Last Updated on
From the World Heritage inscription for the Shrines and Temples of Nikko:
The shrines and temples of Nikko, together with their natural surroundings, have for centuries been a sacred site known for its architectural and decorative masterpieces. They are closely associated with the history of the Tokugawa Shoguns.
Nikko is a day trip from Tokyo. About two hours away by train, half the trip is via shinkansen (bullet train) and the other half is via a smaller commuter train. Nikko is a small town located in the mountains and surrounded by cedar forests. Nikko is a collection of Shinto and Buddhist temples built from the 16th to 19th centuries.
You can walk from the train station to the temple area (I did it) but it will take about 30 minutes and the walk is mostly uphill. There are taxis and buses which can drive you to the temple site. Nikko is world-famous for a small wood carving on one of the temples: the see no evil, hear no evil and see no evil monkeys. While I was there, I saw everyone lined up to get their photos taken in front of the same building acting goofy. I had no idea what was going on. I saw the carving, and together with all the mentions of the monkeys in the stores in town, I figured it out.
Visiting the Shrines and Temples of Nikko from Tokyo takes a full day, but it is probably the best example of traditional shrines and temples you can see within easy traveling distance from the city.
The Shrines and Temples of Nikko comprise of the Toshogu and Futarasan-jinja Shrines. The Rinno-ji temple and the monuments in its surroundings are also included in this particular property under UNESCO World Heritage Sites in Japan.
Toshogu is the location of the enshrinement of Ieyasu Tokugawa who was the first shogun when the Edo Shogunate flourished in the 17th and 19th centuries. More than 127,000 craftsmen were called in to help build the shrine. The “Yomei-mon Gate” consists of two stories and over 500 sculptures, on top of other beautiful and colorful decorations.
There are 103 buildings and structures that were included in this property listing for UNESCO. Of the 103, 9 are National Treasures of Japan and the other 94 are all Important Cultural Properties. You can learn more about the shrines and temples of Nikko below.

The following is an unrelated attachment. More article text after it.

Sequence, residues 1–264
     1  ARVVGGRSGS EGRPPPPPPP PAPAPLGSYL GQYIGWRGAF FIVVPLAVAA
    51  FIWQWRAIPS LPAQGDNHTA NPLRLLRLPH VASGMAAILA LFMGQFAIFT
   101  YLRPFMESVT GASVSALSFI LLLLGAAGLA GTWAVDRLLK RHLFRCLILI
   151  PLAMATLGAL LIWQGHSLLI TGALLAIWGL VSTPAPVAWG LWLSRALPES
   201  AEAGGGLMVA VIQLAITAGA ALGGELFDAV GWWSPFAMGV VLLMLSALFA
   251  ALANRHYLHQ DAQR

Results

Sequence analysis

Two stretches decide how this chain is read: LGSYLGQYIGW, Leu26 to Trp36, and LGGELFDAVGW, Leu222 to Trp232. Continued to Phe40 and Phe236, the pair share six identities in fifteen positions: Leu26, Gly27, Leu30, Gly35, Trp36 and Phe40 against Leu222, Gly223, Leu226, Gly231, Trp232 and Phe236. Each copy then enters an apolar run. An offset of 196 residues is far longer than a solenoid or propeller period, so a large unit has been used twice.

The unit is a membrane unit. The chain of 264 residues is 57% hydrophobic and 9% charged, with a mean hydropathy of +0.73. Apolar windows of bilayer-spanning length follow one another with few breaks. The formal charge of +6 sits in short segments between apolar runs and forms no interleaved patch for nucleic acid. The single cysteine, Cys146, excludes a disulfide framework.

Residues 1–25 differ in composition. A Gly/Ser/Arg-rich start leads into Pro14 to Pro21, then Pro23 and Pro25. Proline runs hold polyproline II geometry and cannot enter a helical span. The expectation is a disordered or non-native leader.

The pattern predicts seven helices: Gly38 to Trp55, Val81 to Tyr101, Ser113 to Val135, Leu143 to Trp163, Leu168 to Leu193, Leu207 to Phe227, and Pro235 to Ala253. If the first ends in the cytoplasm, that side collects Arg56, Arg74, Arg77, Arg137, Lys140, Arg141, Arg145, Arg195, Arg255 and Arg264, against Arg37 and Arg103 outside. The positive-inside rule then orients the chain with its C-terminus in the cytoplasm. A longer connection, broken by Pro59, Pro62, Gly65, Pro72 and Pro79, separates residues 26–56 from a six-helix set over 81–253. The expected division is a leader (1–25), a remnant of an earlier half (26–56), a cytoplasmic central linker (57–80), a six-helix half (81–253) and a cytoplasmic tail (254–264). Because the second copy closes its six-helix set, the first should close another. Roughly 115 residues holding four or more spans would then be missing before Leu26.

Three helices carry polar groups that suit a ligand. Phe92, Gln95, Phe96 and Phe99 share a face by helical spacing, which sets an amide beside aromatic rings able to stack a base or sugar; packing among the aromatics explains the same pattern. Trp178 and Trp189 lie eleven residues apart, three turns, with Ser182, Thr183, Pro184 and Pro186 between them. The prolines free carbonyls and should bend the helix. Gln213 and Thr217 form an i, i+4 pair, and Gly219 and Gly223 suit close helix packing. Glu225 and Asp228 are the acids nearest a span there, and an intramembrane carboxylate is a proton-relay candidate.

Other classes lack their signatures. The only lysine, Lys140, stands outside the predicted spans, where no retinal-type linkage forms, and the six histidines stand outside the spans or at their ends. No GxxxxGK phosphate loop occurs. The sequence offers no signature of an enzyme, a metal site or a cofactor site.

How to Get Here
If you want to visit the shrines and temples of Nikko, you need to take the limited express train Spacia. Its jumping off point is in Asakusa in downtown Tokyo. Your travel time to get to Nikko would be roughly 110 minutes.
Foreign tourists who are traveling via this express train with a 2-Day pass or All Nikko Pass are entitled to get a discount of 20% on their express fare. About 80% of the tourists who visit the UNESCO World Heritage Site in Nikko are foreigners.
There are 23 structures listed under the Futarasan Shrine. All of these sites are registered as Important Cultural Properties in Japan. This is a Shinto shrine located in Nikko, Japan. There are three deities that are enshrined within this area: Okuninushi, Tagorihime, and Ajisukitakahikone. The Sacred Bridge is a popular attraction in the area and it is part of the Futarasan Shrine. This lacquered structure is one of Japan’s most beautiful bridges. The other sites included within the Futarasan Shrine are as follows:
- Betsugu Taki-no-o-jinja Honden
- Betsugu Taki-no-o-jinja Karamon
- Betsugu Taki-no-o-jinja Haiden
- Betsugu Taki-no-o-jinja Romon
- Betsugu Taki-no-o-jinja Torii
- Betsugu Hongu-jinja Honden
- Betsugu Hongu-jinja Karamon
- Betsugu Hongu-jinja Sukibe
- Betsugu Hongu-jinja Haiden
- Betsugu Hongu-jinja Torii
- Massha Mitomo-jinja Honden
- Massha Hie-jinja Honden
This is another Shinto shrine named as one of the shrines and temples of Nikko by UNESCO. This is where Ieyasu Tokugawa was enshrined in. There are several Tosho-gu shrines in Japan but the one in Nikko is the most famous one. During the Edo period, there are 500 shrines that makeup the Tosho-gu shrines. But after some of them had been destroyed and abandoned, the total number is now down to 130.
This complex consists of 15 Buddhist temples within the city of Nikko. The site was founded by a Buddhist monk in the late 8th century. The temple complex is located deep in the mountains and it helped for the site to flourish as it attracted other Buddhist monks looking for a place of solitude. The most famous building in this complex is the Sanbutsudo or Three Buddha Hall. You can also find the Shoyo-en Garden and Treasure House of Rinno-Ji within the same complex.
View the complete list of UNESCO World Heritage Sites in Japan.